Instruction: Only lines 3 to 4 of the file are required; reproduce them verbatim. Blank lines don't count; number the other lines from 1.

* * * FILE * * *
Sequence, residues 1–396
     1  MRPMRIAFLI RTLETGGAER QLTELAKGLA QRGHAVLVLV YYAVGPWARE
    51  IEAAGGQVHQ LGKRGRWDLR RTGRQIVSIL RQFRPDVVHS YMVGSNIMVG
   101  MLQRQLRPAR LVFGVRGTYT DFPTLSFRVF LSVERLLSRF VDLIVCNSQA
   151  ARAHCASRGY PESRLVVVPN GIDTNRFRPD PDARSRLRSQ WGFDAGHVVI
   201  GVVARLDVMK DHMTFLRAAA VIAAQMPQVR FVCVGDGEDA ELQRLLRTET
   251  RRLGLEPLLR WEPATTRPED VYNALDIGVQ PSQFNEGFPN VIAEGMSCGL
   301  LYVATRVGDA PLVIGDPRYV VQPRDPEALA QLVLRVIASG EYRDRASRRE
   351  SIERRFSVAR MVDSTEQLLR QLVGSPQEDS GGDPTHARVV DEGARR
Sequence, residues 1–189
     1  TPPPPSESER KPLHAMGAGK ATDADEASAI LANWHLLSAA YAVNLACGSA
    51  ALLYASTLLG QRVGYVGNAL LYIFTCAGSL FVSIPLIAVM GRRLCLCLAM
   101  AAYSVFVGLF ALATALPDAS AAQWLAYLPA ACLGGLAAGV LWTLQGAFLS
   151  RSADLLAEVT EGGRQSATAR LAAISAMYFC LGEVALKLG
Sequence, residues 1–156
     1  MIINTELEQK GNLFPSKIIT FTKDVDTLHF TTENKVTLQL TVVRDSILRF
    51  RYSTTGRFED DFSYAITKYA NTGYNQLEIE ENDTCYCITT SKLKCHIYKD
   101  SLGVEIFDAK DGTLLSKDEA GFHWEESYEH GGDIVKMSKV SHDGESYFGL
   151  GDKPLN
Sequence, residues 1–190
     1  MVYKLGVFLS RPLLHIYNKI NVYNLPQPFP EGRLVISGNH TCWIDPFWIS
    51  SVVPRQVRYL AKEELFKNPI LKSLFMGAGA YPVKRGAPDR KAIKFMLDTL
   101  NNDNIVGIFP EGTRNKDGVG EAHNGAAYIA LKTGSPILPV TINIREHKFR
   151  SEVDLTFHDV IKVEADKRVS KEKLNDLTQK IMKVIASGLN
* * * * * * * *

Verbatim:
    51  IEAAGGQVHQ LGKRGRWDLR RTGRQIVSIL RQFRPDVVHS YMVGSNIMVG
   101  MLQRQLRPAR LVFGVRGTYT DFPTLSFRVF LSVERLLSRF VDLIVCNSQA